London 2008: the runners

London 2008: the runners

Will it be Ken Livingstone’s turn again?
London City Hall
I think the first comment I ever posted on this site concerned the London mayoral election last year. The winner was the hot favourite Ken Livingstone, but Mike Smithson was proved right in his prediction that Steve Norris would close the gap in the betting odds and polls as the campaign went on.

Some bets on the next-but-one election – in 2012 – are already available under the umbrella of William Hill‘s Olympic-themed markets. We covered these last week and thought 50/1 against Livingstone and 33/1 against the Conservative Lord Coe both looked like decent bets. But what we don’t have yet is a market on the next election in 2008.

The big question is whether Livingstone will stand again. Before his first election in 2000 he said that if he won, he would only serve one term. He didn’t – and hardly surprising: it’s not easy to imagine running London tiring him. Though he will be 63 at the time of the 2008 election, he may well wish to continue, and if he does then most Labour figures would consider it unwise to challenge him. Another Livingstone candidacy would be a tough challenge for the other parties: as a master of the media, his relaxed and informal image appeals outside the ranks of usual Labour voters. In the 2004 election, he polled 36.8% of first preference votes, compared to Labour’s 25.0% in the list section of the Greater London Assembly elections on the same day. As ever, his behaviour since 2004 has had its controversial moments, but this may well help his plain-speaking persona.

If Livingstone does step down, the battle for the Labour nomination will be an interesting one. One consequence of Livingstone’s media magnetism has been that the Greater London Assembly gets far less coverage than the Mayor, and Labour’s representatives there have little profile. That might see them edged out in favour of a London MP or another Labour figure such as Trevor Phillips, who went for the mayoral nomination in 2000, sat on the GLA from 2000–2003 and now chairs the Commission for Racial Equality.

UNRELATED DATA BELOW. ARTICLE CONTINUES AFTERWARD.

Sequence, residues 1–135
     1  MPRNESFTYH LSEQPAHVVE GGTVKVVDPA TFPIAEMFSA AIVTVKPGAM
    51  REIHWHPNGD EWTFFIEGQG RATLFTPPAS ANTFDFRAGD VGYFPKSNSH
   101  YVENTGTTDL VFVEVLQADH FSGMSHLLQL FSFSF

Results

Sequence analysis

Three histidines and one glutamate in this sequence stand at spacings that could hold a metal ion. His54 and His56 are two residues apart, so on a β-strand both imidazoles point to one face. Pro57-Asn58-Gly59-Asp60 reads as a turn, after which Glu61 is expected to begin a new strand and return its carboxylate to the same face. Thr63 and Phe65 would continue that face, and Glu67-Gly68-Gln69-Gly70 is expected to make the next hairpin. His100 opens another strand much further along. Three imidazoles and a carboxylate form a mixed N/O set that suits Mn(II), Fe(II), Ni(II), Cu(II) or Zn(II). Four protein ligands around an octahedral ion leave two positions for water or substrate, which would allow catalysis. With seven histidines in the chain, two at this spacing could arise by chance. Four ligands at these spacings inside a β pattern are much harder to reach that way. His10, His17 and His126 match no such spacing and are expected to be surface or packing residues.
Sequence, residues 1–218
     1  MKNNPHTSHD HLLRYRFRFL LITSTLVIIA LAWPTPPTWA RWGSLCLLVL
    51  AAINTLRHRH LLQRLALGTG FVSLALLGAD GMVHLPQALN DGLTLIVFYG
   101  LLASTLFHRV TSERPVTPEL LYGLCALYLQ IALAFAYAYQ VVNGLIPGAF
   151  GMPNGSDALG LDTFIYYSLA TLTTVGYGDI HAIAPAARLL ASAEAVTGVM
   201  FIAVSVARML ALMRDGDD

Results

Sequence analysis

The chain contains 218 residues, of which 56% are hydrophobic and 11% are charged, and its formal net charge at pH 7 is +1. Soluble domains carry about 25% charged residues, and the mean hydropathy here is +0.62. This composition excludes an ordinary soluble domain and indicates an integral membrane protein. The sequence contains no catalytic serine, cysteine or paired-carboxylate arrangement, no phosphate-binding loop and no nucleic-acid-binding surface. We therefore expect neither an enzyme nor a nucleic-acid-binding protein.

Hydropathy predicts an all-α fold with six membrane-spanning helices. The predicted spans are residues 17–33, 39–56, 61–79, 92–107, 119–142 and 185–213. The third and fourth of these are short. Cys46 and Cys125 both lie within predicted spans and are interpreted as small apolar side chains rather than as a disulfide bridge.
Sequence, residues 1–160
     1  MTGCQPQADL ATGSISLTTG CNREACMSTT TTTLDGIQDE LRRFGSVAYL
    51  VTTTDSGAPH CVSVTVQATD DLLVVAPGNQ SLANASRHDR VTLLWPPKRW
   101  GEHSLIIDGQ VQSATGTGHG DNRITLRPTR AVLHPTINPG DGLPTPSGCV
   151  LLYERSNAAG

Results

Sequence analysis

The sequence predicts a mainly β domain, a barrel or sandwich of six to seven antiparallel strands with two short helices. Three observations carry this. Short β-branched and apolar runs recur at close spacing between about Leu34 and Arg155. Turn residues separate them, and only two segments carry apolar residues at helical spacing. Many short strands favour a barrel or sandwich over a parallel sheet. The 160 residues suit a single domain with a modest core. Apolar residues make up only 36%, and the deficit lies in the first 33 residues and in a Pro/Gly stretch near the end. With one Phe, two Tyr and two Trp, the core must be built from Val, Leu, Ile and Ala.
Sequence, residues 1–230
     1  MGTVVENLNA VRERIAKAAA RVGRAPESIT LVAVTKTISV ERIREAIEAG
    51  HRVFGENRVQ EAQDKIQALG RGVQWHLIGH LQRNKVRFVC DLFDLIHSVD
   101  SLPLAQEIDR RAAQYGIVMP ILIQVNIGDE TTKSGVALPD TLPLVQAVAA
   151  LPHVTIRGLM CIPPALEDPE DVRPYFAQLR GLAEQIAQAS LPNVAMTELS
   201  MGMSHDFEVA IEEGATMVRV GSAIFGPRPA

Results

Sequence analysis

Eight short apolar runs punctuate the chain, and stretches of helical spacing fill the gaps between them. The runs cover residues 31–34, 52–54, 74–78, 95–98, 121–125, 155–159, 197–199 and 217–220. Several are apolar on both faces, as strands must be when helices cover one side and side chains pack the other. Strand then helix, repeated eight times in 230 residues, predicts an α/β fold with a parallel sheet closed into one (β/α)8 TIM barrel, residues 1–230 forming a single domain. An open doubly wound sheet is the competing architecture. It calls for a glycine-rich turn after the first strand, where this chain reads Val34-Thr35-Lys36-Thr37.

On the Conservative side, the most mentioned name has been Olympic gold medallist, former MP and now peer Sebastian Coe, whose prominence has been renewed by leading London’s successful bid for the 2012 Olympics. As someone well known for achievements outside politics, he seems to have the potential to overcome the “tarnished brand” of the party. But does he want to stand? It’s questionable whether he would rather take on the struggles of a partisan role rather than gain more consensual recognition by continuing to work on the planning of the Olympics.

The Liberal Democrats have two ultimately quite disappointing campaigns to look back on. Susan Kramer (now MP for Richmond Park) was seen to have fought an intelligent campaign on policy in 2000; but despite her campaign featuring arguably Britain’s first political blog, the wider impact was weak and Kramer finished fourth with 11.9% of the first-preference vote. In 2004, the candidate was the much more prominent Simon Hughes – but the campaign, seeming this time to attack the Tories harder than it did the incumbent, disappointed and the result was 15.3% of the vote. In 2008, the strategy will be rethought, but sticking with an MP with a pre-existing public profile seems sensible. Possible contenders could be Hornsey and Wood Green MP Lynne Featherstone, who previously served on the GLA; or Carshalton and Wallington MP Tom Brake, surely a headline writer’s dream for a post in which transport policy figures strongly.

Bookies know what is coming next from me: give us a market!

Philip Grant
Guest editor

Mike Smithson is on holiday until 5th September.

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